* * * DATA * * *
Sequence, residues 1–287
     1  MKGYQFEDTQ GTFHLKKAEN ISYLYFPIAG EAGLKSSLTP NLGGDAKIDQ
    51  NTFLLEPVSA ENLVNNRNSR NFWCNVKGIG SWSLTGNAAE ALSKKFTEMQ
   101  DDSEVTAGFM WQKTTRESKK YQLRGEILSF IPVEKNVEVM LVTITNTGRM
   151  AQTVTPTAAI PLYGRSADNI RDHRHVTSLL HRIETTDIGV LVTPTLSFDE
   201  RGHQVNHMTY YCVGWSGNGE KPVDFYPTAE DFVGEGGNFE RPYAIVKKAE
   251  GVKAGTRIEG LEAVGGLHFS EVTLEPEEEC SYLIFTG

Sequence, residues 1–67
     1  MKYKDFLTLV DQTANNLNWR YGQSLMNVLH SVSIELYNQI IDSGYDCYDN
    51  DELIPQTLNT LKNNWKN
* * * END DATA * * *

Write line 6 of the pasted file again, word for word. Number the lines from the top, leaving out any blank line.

   201  RGHQVNHMTY YCVGWSGNGE KPVDFYPTAE DFVGEGGNFE RPYAIVKKAE